The first inhabitants (these were the Indonesians who crossed the ocean 2000 years ago with their small boats) from Madagascar took rice from their homeland. They settled in the mountains to plant rice fields. Hundreds of years later came the Africans who brought the Zebu (this is a cow with a fat bump on his back). Because the mountains were already occupied, they stayed close to the coast. Nowadays it is still the case that the Africans are at the coast and the Indonesians in the mountains, but more and more of these groups blend into a Afrinasier or Indocan ;-).

 Despite the abundancy of food, the locals have no money for clothing, good shelter, transport or health care. People wash themselves in the sewage, people drink from the river (which isn’t clean), a child from a puddle of water in the street (while the street is dirty with rubbish and mud) or people who have nothing but dirty broken clothing.


Madagascar is full of wildlife and nature. Ranomafana NP is the most popular park, with various walking routes that you can walk with a guide. You will find unique plants and animals. The golden half-lemurs, gray half-lemurs, ring-tailed lemurs and mouse lemurs are only a few of the makis species that live here. You can also spot the Fossa and more than 100 bird species of which 30 species only occur in this park. A stunning 90% of Madagascar’s flora and fauna are endemic, found nowhere else in the world. These are protected in National Parks where rugged hikes are needed to track rare species and in private reserves where, to appeal to the French market, the lemurs are fed from the table and almost tame. The highest mountain peaks of Madagascar can be found in the Andringitra Mountains. It is a rugged and rocky area, but a beautiful area for walking through rain forests, high mountains and prairies. Beach lovers are not too short in Madagascar. Drive to the coast, you will find beautiful white beaches. 



“Happiness is only real when shared .”@Christopher mccandless


We are travelers that like to experience everything a country has to offer. In every country we visit there are also a few basics we value and that is comfortable sleeping and good food. Of course this has to fit within our budget, which isn't a backpacker budget, but we also don't have unlimited financial resources.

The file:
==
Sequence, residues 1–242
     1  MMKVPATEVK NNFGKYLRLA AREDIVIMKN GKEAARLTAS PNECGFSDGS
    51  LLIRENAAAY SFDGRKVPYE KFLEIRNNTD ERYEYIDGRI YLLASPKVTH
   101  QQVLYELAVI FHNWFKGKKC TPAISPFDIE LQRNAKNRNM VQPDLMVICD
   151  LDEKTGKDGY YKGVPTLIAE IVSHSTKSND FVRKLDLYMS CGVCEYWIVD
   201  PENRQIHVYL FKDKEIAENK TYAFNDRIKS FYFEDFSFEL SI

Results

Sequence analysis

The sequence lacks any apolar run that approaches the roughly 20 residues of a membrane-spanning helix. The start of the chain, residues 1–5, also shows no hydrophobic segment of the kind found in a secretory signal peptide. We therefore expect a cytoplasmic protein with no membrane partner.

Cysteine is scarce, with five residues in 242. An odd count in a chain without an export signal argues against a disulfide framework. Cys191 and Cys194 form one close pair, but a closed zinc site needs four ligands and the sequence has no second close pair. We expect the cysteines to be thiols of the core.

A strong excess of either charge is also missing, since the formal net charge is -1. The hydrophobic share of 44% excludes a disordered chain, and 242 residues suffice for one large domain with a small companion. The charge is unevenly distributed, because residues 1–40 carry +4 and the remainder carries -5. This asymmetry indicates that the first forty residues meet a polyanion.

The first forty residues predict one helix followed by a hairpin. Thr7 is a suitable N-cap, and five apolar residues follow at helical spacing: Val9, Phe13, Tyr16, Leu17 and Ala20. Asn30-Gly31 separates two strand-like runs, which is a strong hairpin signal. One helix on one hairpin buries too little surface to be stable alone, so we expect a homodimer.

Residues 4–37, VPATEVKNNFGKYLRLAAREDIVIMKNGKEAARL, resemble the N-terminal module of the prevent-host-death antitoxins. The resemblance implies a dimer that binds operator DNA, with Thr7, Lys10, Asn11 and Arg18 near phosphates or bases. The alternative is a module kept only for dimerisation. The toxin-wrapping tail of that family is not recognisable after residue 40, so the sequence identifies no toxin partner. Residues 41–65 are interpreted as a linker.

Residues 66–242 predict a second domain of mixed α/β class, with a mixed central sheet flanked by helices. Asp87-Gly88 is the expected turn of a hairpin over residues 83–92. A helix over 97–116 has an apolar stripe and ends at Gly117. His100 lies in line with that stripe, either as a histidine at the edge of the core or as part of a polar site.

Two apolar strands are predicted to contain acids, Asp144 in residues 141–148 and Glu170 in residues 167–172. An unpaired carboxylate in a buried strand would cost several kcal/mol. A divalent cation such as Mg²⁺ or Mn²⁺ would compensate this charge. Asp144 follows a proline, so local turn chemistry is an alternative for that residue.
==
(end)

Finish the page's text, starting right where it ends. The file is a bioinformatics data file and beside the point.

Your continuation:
What we usually strive for:

  • Local food which is cheap and most of the time the best food you ever had.

  • Value for money accommodation where we focus on cleanliness and a comfortable bed.

  • A mix of must sees which are almost for nothing as it is a hard to reach place or yet unknown and must sees which are pricy as it is very touristy.


Madagascar can be traveled on 3 ways, by taxi-brousse which is the cheapest option, by renting a car or by car with private driver. We have chosen for the later option as the car will be a 4x4 and the driver can translate for you and help you along the way. We slept mostly in hotels and varied between cheaper and more expensive hotels. The driver took care of his own room which mostly was being arranged by the hotel. Foodwise we had dinner in the hotel, but breakfast and lunch was bought in the supermarket. Our costs for activities where high due to the lessons we took to learn kitesurfing.  

EUR 244,90
EUR 569,70
EUR  69,86  per day per person
on the basis of 26 days and excl. fly ticket
EUR 332,95
EUR 244,83
EUR 74,61
EUR 0,00

You can stay in Madagascar for up to 90 days without needing a visa. You must be in possession of proof of a valid passport (valid for at least 6 months). The passport must contain at least one empty visa page. For travel up to 30 days you pay 35 Euro per person for a visa when you arrive at the airport in Antananarivo. If you stay longer than 30 days, you must purchase a visa at 40 Euro per person.






Madagsacar has a lot to offer. But before you go you need to know what the hotspots of the country are. Beneath, we have selected a few of our finest moments. Of course there is much more to explore and if you want to see more, please click on the button below. You will not only find our highlights, but also from fellow travelers. Are you also one of these travellers that takes the unbeaten path, leave us a message.